There is abstraction of an objectival and, for lack of a better term, a panoramic sort. Human characters are given no priority in the frame over things. At times the stationary frame implies a hidden camera, especially in the characters’ shared hotel room. This implies a spying, a voyeurism that corresponds to the self-reflexivity of Godard’s films. The camera is fixed in the hotel room somewhere between Ozu’s tatami level and a more conventional “Western” height. Hands-off is the idea; the camera is as apathetic as the characters are pathetic. Somehow, in this way the camera gives the frame itself an objectival status. As that which surrounds or encapsulates the mis-en-scene, the frame likewise becomes an object with little more priority than an abstracted or discarded item within or just outside the frame. The visual is liked to the aural; just as characters and objects move into and outside of the frame, so the soundtrack (musical and otherwise) is in and out of the audience’s experience. Further, objects within the frame are drained of visual uniqueness. Constantly in First Name: Carmen, human figures monochromatically fuse with their surroundings. Almost never does the human stand out from the non-human. Are the people non-human or do the things surrounding them have a human-like status?
The other, “panoramic,” abstraction at times looks positively like Tarkovsky, particularly when landscapes are being used, and especially those that combine the elements of earth and water. It gives the land a look of destruction, an unnatural condition, as if it has been pulverized by man and is now left simply to “be” in all its destroyed beauty and beautiful destruction as the object of a huge gaze. Godard’s consistent painting-style of filming (see not only Passion but scenes in Pierrot Le Fou with characters set against a blank backdrop) clashes with these depth shots. Juxtaposed with the sky (in all its two-dimensionality), these landscapes are distinctly three-dimensional, unlike any other shots in the film.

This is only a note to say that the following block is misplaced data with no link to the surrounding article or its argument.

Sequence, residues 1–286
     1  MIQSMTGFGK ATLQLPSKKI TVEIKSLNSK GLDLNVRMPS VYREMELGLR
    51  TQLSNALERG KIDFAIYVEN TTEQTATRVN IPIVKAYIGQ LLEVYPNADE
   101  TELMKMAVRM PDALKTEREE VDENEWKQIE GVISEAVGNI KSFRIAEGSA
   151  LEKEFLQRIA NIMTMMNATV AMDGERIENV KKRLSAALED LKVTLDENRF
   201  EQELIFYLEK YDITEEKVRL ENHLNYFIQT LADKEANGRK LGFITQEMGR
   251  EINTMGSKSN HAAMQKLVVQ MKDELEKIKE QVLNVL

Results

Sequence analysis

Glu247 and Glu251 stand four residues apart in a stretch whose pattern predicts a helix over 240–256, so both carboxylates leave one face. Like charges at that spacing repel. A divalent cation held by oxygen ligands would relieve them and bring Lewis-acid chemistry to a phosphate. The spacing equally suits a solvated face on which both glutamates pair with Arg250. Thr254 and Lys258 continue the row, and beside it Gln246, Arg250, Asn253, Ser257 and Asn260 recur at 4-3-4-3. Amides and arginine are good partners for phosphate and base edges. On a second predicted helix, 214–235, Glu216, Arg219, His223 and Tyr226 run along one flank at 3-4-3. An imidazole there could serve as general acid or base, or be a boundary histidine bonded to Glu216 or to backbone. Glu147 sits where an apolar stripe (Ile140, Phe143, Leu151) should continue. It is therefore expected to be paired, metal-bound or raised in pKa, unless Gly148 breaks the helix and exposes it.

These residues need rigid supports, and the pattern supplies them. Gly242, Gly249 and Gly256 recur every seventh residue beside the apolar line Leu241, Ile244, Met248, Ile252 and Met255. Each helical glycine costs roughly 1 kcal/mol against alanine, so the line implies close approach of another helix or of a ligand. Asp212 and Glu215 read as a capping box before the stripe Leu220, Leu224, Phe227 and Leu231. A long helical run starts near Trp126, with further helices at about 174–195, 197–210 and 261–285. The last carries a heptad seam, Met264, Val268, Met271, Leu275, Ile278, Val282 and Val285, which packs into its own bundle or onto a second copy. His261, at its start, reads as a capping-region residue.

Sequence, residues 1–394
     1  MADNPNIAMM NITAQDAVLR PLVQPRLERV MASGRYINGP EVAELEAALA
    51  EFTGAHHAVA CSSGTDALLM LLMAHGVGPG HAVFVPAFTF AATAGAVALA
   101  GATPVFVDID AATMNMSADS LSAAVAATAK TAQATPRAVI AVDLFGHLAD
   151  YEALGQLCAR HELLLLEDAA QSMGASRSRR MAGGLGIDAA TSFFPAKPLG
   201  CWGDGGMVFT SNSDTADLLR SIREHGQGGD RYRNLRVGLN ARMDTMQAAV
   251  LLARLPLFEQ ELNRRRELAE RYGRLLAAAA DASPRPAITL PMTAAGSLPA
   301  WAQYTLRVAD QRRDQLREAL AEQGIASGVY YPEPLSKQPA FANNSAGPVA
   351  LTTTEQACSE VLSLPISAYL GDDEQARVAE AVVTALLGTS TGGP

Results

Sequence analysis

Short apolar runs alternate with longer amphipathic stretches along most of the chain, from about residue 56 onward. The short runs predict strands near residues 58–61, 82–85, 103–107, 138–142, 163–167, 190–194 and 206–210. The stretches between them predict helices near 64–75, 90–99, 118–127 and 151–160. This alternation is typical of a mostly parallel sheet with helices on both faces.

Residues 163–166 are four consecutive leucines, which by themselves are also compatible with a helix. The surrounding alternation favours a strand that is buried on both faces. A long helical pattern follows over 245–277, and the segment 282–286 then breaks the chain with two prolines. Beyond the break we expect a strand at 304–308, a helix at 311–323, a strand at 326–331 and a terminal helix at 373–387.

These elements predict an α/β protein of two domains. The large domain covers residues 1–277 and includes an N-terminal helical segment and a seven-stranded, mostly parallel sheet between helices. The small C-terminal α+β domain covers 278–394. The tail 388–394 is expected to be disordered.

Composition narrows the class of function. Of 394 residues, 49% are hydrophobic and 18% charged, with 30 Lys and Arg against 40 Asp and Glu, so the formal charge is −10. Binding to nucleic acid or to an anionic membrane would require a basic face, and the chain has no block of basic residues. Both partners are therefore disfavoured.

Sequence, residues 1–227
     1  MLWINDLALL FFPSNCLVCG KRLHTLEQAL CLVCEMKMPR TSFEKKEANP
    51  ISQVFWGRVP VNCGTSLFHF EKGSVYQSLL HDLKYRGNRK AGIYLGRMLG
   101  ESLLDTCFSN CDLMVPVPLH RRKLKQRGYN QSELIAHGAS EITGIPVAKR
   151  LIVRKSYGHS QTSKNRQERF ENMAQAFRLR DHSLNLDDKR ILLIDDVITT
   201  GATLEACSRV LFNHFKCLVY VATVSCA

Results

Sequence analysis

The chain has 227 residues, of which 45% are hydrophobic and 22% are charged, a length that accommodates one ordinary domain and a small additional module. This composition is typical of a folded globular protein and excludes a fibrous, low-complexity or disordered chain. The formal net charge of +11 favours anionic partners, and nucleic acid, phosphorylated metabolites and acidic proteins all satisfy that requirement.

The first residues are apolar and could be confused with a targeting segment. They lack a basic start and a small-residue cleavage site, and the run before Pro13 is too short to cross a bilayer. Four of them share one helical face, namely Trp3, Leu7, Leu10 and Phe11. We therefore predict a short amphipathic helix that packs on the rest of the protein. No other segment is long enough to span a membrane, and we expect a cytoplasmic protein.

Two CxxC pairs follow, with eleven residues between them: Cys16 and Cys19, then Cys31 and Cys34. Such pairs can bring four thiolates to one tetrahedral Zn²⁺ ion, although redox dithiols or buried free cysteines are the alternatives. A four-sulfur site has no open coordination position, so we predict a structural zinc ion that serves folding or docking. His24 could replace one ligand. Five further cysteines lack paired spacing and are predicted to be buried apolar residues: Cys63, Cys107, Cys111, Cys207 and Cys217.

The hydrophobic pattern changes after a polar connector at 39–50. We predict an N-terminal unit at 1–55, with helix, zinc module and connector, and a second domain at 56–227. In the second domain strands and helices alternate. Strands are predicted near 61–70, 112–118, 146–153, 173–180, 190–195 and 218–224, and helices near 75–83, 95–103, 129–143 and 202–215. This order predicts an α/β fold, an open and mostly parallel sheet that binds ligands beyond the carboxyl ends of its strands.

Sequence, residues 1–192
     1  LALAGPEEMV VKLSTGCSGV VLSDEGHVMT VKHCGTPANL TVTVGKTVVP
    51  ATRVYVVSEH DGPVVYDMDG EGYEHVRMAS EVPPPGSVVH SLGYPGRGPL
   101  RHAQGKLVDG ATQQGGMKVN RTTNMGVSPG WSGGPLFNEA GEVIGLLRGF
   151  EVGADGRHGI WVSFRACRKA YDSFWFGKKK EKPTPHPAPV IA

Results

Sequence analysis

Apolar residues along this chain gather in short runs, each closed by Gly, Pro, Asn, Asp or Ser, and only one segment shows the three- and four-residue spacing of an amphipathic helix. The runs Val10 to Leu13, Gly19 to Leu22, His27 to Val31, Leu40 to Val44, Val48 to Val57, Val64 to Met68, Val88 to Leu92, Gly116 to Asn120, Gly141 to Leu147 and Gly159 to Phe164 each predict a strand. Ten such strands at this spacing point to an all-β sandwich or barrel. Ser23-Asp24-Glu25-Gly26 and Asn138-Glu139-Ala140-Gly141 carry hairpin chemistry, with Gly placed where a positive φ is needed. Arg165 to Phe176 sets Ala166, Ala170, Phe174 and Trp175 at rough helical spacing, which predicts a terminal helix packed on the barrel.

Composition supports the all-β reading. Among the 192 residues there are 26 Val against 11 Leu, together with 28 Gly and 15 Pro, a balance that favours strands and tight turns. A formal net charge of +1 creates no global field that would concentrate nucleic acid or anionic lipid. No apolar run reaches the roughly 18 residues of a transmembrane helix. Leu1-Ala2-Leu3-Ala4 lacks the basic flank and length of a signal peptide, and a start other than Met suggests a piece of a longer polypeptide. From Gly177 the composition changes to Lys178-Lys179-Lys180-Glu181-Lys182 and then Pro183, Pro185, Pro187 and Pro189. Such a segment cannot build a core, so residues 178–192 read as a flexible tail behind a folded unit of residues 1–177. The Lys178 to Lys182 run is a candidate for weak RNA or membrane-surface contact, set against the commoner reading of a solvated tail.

Godard plays a version of himself in the film, a slightly-nuts film director who fakes illness to extend his hospital stay. His character’s mental instability seems to find its referent both in Godard himself (the actual director of the film First Name: Carmen) as well as the proverbial “film director,” that meta-idea that Godard has as much a right to mock as anyone else ever has. Godard’s films throughout his career implicate film and filmmaking as something at least borderline criminal. So when he and the film crew are fooled while trying to film (within the film), the director’s obliviousness to what is happening indirectly implicates the act of filmmaking, putting it on the same level as armed robbery. It would also seem to imply the ignorance of intellectuals. Navel-gazing may help create thoughtful films, but it leads to an absent-mindedness that makes one unaware of the most obvious facts.
With recent stuff like Ratatouille and Wall-E, Pixar has set the bar so high for itself that no one bothers to hold others to its standard. (Like poor Dreamworks; did anyone see Shrek the Third?) The other side to this double-edged sword is that when Pixar releases a merely “good” movie instead of an amazing one, we are slightly let down. When the trailers came out for Up, the public reaction was bafflement over just what this movie could possibly be about. Something about the image of a house lifting up off its foundation by thousands of colorful balloons and a cranky senior citizen at the helm was bait enough for the hungry curiosity of the masses, and the prospect of seeing said image in 3-D didn’t hurt, either. The 3-D appeal was strong enough for us that when we arrived and were even seated in the theater before realizing that this was not a 3-D showing, we walked out, got rainchecks for a 3-D showing, and returned to the theater over an hour later. As for the 3-D, it was fun in parts, but one can see perhaps why 3-D movies died a quick death back in the 50s when Hollywood was experimenting with crowd-pleasing technology. At first a novelty, the law of diminishing returns sets in quickly, and most of the time the film seems overly dimmed from the glasses. With good enough animation (which Pixar has), it might not be necessary to go the 3-D route. Or maybe they just didn’t do a great job with the 3-D technology in this case.